After some pivotal experiences in d.thinking (see my previous post) including d.school classes and workshops, I started applying what I had learned to my research, which centers on how to lower residential energy use via behavioral approaches. With two advisors and a group of other graduate students, I was embarking on a new study aimed at understanding how people use energy, what barriers they face to reducing their use, and how to overcome those barriers.
We began with needfinding – a broad study in which we asked people how they relate to their homes. We did not address energy directly. We asked about household matters such as repairs, maintenance, expenses, rooms, appliances, and so on. Our goal was to obtain information that would help us map energy onto other household activities and issues. For example, we sought to understand maintenance in the home (think pools, roof gutters, ovens) as a way to understand how energy management could be framed in a familiar way.
We came up with many How Might We statements in this first study, for instance, “How might we equate efficiency with ongoing home improvements that people feel good about?” These statements guided the user interface design team. In the next phase of the ethnography portion of our study, we sought to create a hybrid methodology using design and anthropology methods. Our goal was to come up with a streamlined interview protocol that would help us extract from interviewees their primary energy related actions, and barriers they would face to new, alternative, lower-energy actions. We came up with specific techniques from both design and anthropology traditions. Examples from design include the 5 why’s, and incorporating brainstorming or ideating into the interview. From anthropology we took rapport building using open-ended questions, and simulations or scenarios that would help us identify barriers. We iterated with prototype interview protocols for over a year and came up with 2 protocols – one for experts from whom we would obtain new ideas, and one for home owners and renters from whom we would learn about barriers to those new ideas.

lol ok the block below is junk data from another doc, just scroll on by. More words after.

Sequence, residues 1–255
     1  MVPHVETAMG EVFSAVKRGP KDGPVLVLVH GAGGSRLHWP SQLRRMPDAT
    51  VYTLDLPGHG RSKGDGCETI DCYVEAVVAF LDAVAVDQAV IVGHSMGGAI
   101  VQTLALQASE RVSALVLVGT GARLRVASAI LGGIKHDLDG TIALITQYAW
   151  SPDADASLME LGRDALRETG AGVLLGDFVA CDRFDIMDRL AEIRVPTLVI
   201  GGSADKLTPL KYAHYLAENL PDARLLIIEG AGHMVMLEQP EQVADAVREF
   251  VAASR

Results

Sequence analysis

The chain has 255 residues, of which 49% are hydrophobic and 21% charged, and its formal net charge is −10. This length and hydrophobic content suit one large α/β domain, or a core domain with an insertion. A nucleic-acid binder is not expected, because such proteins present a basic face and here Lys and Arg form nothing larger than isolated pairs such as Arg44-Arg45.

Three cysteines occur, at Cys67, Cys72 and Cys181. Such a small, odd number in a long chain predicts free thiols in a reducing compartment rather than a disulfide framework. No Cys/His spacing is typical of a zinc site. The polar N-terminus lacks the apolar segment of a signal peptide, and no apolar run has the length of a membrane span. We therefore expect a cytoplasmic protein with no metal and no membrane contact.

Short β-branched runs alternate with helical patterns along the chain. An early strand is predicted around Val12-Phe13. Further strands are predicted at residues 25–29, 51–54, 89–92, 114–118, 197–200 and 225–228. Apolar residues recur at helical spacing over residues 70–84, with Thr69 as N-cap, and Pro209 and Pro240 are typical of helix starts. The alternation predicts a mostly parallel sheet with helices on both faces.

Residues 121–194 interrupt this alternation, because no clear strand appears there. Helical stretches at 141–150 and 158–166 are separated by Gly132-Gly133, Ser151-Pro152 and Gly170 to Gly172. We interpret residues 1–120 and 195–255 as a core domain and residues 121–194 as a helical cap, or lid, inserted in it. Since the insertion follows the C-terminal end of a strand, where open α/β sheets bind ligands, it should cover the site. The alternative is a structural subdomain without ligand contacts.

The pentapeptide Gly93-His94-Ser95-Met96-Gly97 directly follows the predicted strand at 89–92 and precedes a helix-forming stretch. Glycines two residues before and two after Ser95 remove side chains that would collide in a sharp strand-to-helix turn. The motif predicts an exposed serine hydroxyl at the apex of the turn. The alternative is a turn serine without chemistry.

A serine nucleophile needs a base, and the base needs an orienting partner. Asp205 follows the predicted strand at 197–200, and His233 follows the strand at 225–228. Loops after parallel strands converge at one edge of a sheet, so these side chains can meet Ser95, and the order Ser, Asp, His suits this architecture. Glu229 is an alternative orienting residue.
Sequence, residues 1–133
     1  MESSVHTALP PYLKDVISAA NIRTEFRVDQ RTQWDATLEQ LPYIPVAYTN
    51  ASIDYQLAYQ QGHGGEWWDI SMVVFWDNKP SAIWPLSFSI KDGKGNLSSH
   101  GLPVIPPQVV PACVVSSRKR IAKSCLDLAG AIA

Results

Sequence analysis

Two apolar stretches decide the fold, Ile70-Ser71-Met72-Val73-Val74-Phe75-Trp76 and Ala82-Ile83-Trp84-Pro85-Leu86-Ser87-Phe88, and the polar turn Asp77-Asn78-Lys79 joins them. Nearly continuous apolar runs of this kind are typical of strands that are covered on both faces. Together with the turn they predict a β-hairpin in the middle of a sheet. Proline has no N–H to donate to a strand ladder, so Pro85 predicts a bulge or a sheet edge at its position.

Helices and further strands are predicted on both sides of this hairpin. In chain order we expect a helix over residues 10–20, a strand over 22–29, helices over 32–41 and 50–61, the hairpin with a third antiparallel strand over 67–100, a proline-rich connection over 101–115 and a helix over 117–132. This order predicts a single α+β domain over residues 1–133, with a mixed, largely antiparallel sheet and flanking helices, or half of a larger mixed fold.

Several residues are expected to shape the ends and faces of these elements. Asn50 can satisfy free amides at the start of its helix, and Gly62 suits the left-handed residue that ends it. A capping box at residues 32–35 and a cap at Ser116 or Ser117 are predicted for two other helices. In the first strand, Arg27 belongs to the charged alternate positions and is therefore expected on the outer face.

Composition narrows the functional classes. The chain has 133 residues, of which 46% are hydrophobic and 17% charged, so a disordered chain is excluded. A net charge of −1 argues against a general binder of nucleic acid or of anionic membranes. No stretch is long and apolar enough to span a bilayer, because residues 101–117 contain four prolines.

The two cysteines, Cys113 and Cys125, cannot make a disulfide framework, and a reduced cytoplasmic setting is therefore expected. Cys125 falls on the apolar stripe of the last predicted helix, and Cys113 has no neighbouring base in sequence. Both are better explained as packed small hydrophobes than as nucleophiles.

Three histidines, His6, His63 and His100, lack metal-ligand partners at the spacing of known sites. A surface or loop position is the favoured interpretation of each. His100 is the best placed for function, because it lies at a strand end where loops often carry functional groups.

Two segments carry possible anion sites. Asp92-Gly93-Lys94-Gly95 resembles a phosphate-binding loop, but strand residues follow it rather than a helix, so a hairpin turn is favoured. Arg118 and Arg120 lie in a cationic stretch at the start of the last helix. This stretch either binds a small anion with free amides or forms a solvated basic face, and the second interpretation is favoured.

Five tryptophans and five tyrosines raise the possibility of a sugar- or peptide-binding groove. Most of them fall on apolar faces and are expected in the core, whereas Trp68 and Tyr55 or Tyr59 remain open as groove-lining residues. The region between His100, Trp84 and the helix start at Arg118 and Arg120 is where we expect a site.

In a field like behavioral sciences, where there is an established body of research, we found that design thinking fits well into the later stages of research, such as ideating, prototyping and iterating solutions, whether they are methods, intervention designs, or interview designs. Each discipline or set of disciplines can probably use design process at different stages.
In the process of integrating d.thinking with anthropological methods, and applying both to energy related behavior change, we also came up with a glossary of terms to help the energy folks communicate with the design folks, a database of all the bodies of literature and methods we consulted, and a mapping of our process with all its iterations. By combining d.thinking with other research knowledge and methods, we were able to come up with a rich set of new approaches to study energy use.